Bringing Balance: The Proutist Alternative

Bringing Balance: The Proutist Alternative
Andy Douglas
“Balance” is a word you would be hard-pressed to use to describe today’s global economy. Wealth inequality and exploitation, market manipulation and the financialization of investment have created a situation which can only be described as extremely unbalanced, with a lot of suffering in its wake. Many argue that capitalism as it exists is unsustainable, that it cannot, and more importantly should not, survive.

 “After Capitalism: Economic Democracy in Action,” presents a look at a socio-economic theory which might bring things back into balance. Wide in scope, the book begins with a perceptive critique of the policies that led to the 2008 global crash and earlier crashes, and moves on to hopeful alternatives.

The author, Dada Maheshvarananda, has been a monk and activist for the past 40 years. He brings to his work a focus on spiritual values, a perspective on the economic sphere that respects human rights and the integrity of the land, and an appreciation of the interconnectedness of life and the existential value of each creature. Implicit in this critique is recognition of the need for a metric for social welfare based on how society’s poorest members are faring.

A presenter at the 2012 Economic Democracy Conference in Madison, Maheshvarananda directs a think tank in Caracas, the Prout Research Institute of Venezuela. His ideas stem from a platform originating in India called the Progressive Utilization Theory (Prout). This theory, put forward by the Bengali philosopher P. R. Sarkar in the 1950s, offers a blueprint for structuring economies in a way that both incentivizes work (which communism never did) and restricts excess accumulation of capital (which capitalism will not do).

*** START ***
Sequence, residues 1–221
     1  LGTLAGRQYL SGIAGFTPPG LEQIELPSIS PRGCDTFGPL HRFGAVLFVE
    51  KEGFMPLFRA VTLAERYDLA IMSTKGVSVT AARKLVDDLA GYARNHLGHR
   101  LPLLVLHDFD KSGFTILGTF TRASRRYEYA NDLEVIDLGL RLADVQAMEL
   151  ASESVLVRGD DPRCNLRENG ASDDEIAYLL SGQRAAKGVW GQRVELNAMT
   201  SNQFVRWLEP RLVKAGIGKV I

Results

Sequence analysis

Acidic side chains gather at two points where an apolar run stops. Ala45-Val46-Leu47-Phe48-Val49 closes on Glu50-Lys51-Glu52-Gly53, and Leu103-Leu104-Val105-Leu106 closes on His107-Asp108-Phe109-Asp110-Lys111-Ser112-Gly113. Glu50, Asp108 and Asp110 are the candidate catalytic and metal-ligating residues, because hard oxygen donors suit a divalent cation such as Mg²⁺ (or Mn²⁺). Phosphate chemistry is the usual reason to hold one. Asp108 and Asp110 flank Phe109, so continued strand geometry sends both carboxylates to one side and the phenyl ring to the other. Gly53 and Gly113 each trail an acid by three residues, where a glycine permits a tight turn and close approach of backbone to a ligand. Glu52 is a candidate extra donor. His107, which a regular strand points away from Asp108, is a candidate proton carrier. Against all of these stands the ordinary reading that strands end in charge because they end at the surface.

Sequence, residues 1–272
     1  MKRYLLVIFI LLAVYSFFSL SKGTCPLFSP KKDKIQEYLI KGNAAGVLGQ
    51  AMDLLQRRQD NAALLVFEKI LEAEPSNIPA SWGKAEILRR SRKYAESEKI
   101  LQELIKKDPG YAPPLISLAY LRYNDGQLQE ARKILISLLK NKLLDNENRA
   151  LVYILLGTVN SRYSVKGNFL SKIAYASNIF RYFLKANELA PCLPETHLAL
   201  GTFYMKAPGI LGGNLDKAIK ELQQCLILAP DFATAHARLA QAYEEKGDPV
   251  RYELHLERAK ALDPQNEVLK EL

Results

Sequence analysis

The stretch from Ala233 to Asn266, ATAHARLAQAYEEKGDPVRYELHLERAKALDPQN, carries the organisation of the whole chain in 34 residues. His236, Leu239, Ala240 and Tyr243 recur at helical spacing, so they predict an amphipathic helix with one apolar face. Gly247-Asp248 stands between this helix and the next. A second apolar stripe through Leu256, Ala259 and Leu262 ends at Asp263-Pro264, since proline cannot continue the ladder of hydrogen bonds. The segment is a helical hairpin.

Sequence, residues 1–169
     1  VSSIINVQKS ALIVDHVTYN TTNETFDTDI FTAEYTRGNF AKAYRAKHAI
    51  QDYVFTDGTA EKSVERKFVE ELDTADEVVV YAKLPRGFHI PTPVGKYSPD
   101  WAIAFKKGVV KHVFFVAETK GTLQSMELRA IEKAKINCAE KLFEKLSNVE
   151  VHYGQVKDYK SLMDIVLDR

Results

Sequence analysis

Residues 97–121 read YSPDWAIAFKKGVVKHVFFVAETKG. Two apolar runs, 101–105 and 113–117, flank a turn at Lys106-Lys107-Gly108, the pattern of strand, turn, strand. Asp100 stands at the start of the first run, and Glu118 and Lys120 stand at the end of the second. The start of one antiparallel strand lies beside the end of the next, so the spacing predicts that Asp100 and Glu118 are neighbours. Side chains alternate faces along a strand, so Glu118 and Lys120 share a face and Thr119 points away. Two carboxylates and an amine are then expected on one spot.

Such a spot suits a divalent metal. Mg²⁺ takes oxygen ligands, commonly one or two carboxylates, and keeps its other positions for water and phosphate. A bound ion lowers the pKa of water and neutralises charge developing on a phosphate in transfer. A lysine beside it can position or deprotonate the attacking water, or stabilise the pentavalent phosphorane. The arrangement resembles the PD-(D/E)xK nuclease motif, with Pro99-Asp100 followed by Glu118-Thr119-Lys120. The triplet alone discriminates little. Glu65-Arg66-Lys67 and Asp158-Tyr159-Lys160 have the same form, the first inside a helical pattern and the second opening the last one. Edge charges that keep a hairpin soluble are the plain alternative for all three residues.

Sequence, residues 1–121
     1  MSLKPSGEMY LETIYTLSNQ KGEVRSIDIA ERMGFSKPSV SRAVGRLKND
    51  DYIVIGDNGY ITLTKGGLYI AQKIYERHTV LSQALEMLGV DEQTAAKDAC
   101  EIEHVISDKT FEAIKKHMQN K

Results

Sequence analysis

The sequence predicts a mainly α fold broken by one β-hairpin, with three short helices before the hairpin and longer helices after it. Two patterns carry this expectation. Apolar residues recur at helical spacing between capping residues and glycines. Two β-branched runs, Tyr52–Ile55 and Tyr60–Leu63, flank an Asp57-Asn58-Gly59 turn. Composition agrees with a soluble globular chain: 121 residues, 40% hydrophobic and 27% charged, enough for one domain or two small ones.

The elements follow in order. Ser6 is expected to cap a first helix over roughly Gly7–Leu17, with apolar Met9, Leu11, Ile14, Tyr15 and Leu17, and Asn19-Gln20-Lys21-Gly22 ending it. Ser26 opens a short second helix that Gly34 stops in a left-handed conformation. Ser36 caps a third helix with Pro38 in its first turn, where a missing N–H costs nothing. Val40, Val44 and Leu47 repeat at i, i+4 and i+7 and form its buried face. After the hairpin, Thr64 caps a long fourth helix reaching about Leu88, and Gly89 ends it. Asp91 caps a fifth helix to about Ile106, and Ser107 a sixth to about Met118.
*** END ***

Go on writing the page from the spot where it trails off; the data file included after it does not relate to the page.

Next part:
Maheshvarananda argues that capitalism is designed to benefit the rich; by its nature it excludes many more people than it benefits. On top of this, it’s systematically destroying the planet. He cites four fatal flaws: 1) concentration of wealth. 2) the majority of investments are speculative, not productive. 3) the encouragement of debt and 4) turning a blind eye to the environmental impact of its own policies.

There are thought-provoking ideas here about what might replace capitalism (and the critique also recognizes the many failures of communism). Such an economy would focus on smaller-scale entrepreneurship (limited capitalism), a robust cooperative sector, and publicly-owned key industries.

This structure, the author argues, could become decentralized through the formation of economically self-reliant regions based on common economic and social conditions, common geographic potentialities, cultural legacy and language. Decentralized planning would allow each region to utilize its own resources and opportunities for its own benefit. In such a context it would be important, he notes, to encourage a sense of universal humanity, avoiding parochial separatism.

Cooperatives receive special attention in the book, including a history of their development and a focus on the most famous cooperative network, Spain’s Mondragon. The Prout Research Institute of Venezuela was hired by the Venezuelan government to assess the strength of the cooperative movement in that country. PRI researchers have written extensively about the factors necessary for cooperatives to work, which include a supportive social environment, sound advance planning, skilled management, innovation and adaptation, and education.

Maheshvaranandapaints a portrait of projects where some of these ideas arebeing implemented, from a cooperative health care clinic in Kenya to a sustainable farming community in Brazil. He lauds the Occupy movement in the U. S. and describes other people’s movements, such as one in the Philippines that is encouraging youth to fight against materialistic “pseudo-culture” and embrace their own traditions. As daunting as the task of creating true economic democracy seems, he suggests that cultural movements have a large role to play, empowering people at the grassroots level.